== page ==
Bull Sharks have baffled scientists for many years by thriving in both saltwater and freshwater alike. The name Zambezi Shark bears testimonial to this as they have been found many hundreds of miles up the Zambezi River, as far up the River as Kariba Dam wall, before the Cahora Bassa Dam was built in 1974. Hence the local name of “Zambezi Shark.” The Bull Sharks ability to move freely between habitats of such wide-ranging salinity is an impressive physiological feat. It is probably not a permanent freshwater resident but appears to migrate between saltwater and freshwater, which makes it all the more astounding. Bull Sharks are found mainly in sub-tropical to tropical waters, virtually worldwide. They prefer shallow coastal waters, including beaches, lagoons, and bays. It is the only shark known to penetrate far into freshwater. The Bull Shark is considered one of the four sharks responsible for most attacks on humans (the others being the Great White, the Oceanic Whitetip, and the Tiger Shark) and is potentially one of the most dangerous sharks in tropical and sub-tropical waters. It is large and powerful, very common, and its willingness to enter murky, muddy water gives it ample opportunity to encounter people. The Bull / Zambezi Shark is widely believed to have been the culprit in some shark attacks attributed to other shark species. They are regularly encountered by divers in South African waters with no reported incidents. They are viviparous, giving birth to between 1-13 pups. Their diet consists of mainly bony and cartilaginous fishes, but also crustaceans, turtles, birds, dolphins, and marine mammal carrion.
A Bull / Zambezi Shark dive is very similar to a Tiger Shark Dive, the seasons also overlap. November to July.
When on a baited Tiger Shark dive you are only likely to get a few Tiger Sharks that will stay around for the duration of the dives, whereas on a Bull / Zambezi Shark baited dive you are likely to have anything between from between 5 and up to 15 sharks at any one time.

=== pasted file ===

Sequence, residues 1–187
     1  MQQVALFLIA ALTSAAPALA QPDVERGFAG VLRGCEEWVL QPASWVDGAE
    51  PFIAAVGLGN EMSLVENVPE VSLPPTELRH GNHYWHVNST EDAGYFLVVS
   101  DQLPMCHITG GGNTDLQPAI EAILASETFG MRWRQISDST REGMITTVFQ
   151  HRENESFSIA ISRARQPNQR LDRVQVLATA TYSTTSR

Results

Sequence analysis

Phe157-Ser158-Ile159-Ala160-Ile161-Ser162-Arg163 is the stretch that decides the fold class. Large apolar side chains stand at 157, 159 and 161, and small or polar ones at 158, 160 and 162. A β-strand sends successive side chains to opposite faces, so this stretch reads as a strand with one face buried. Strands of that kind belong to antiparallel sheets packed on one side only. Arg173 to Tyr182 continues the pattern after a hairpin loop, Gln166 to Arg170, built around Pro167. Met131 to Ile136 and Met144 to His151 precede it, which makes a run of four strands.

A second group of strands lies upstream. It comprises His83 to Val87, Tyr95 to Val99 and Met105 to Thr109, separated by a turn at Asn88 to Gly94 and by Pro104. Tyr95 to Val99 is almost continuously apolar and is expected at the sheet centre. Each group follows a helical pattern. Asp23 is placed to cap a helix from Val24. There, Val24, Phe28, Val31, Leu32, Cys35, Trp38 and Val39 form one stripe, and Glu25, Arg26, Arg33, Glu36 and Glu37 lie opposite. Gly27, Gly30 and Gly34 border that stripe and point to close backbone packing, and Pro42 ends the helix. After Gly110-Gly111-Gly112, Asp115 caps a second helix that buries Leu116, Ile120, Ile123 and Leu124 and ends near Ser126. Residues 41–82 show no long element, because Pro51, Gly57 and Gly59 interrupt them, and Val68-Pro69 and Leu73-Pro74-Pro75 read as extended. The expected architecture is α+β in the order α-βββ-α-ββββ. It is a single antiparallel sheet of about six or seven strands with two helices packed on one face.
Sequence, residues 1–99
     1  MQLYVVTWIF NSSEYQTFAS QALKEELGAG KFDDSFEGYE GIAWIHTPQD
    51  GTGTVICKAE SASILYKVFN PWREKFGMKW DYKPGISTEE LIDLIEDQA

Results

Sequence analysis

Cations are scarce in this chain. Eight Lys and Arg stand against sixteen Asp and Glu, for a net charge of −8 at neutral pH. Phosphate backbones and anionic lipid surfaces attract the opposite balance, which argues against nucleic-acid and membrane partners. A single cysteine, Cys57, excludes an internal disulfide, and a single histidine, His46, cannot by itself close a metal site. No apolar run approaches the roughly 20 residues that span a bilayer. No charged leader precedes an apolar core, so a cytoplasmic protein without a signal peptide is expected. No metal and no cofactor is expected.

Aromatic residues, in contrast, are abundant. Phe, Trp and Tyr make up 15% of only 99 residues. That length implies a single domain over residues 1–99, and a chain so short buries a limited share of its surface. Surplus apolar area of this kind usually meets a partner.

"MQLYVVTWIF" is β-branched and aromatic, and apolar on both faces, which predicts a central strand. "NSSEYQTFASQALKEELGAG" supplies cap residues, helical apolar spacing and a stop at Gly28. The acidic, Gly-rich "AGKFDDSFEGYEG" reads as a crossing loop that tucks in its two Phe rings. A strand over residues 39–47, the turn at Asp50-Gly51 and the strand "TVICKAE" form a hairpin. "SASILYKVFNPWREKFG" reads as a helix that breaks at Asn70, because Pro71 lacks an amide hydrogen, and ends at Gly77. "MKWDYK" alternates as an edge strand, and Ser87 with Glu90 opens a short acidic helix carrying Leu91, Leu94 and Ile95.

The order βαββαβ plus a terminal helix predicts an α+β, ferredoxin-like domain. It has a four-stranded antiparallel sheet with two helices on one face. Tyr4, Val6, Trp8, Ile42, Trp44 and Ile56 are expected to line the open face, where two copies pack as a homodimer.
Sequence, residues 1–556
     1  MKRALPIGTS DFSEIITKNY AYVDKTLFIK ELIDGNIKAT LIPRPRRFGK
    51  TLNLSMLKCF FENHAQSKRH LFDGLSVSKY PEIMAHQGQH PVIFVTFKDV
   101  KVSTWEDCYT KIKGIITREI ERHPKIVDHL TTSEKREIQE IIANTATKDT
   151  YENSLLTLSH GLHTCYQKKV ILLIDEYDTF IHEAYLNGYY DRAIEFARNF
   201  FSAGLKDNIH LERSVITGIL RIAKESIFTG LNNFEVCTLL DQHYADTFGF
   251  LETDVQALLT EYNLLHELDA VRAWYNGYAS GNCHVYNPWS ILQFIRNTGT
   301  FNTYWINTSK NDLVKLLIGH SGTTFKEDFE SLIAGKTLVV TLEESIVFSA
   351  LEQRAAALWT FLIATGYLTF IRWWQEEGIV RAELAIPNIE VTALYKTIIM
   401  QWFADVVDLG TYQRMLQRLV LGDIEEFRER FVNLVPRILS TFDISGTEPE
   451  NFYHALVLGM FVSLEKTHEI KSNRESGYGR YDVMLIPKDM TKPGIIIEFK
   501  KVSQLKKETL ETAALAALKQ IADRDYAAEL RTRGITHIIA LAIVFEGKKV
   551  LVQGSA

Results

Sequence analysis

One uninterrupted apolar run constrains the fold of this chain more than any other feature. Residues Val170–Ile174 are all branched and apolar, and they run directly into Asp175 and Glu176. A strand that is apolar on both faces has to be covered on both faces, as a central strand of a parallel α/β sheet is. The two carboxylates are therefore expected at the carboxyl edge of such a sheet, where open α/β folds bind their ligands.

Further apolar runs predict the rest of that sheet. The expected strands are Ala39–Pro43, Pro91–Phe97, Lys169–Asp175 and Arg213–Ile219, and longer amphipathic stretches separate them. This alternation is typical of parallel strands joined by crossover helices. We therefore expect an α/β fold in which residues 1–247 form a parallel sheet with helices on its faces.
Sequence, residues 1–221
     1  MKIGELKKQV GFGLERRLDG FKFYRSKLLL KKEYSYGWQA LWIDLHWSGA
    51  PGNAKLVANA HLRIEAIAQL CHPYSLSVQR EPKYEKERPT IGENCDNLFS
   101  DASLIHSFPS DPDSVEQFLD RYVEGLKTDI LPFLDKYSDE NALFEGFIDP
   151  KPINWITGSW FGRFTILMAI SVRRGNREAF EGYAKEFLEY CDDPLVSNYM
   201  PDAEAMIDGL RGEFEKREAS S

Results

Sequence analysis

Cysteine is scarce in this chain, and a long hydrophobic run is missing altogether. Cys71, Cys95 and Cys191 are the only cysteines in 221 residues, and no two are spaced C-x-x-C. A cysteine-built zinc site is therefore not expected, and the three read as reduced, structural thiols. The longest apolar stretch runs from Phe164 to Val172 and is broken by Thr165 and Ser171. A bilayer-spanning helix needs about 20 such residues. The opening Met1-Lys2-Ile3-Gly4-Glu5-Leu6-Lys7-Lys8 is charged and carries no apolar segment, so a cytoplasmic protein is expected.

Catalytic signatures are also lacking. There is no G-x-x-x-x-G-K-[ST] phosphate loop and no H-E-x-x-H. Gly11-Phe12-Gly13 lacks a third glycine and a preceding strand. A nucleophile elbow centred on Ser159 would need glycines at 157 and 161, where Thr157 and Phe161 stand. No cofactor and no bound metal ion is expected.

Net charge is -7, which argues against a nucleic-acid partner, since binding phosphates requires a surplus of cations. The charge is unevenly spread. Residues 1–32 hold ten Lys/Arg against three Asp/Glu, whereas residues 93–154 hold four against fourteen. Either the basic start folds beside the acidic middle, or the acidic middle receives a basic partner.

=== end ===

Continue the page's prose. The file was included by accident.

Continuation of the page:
Bull / Zambezi Sharks, like all sharks, are very cautious creatures, but once they have gotten used to the divers and their bubbles they allow the divers to get “up close and personal”. An experience never to be forgotten.
The best months to experience Bull / Zambezi Sharks on Aliwal Shoal and Protea Banks is from November through to July, but Bull / Zambezi Sharks have been encountered at both dive sites year round. But if its specifically Bull / Zambezi’s that you wish to dive with, plan your trip for November thru July.
Years ago we started the surface work a la’ the Great White Shark cage diving, but without a cage, and it has been very successful, and other than breaching we are getting all the other behavioural stuff that they get with the Great Whites in Gansbaai / Simon’s Town.
Once we arrive at the dive site we start chumming so as to attract the Bull / Zambezi’s and put out a buoy with the bait. When the first Bull / Zambezi’s appear the DM assesses the situation and if he is of the opinion that the sharks are going to stay around awhile and that they are not aggressive the divers may enter the water. Either you can view the action from the “safety” of the boat, or for non-certified divers, on snorkel. Certified divers drop down to about 5 meters and follow the action from below. This is a drift dive as the boat, chum and bait is drifting with the wind and surface current, as are the divers at 5 meters. Should the sharks disappear the snorkelers and divers climb back onto the boat and we move to another location and start all over again.
Typical visibility is from 5 to 40m and water temperature between 22 and 28 Celsius depending of the time of year. Daytime temperatures range from 20 to 38 Celsius.
9h00-Meet on the beach to kit up.
There is no toilet on the boat
Light refreshments are included
Cylinders and weight belts are provided per diver
Please bring suntan lotion and hat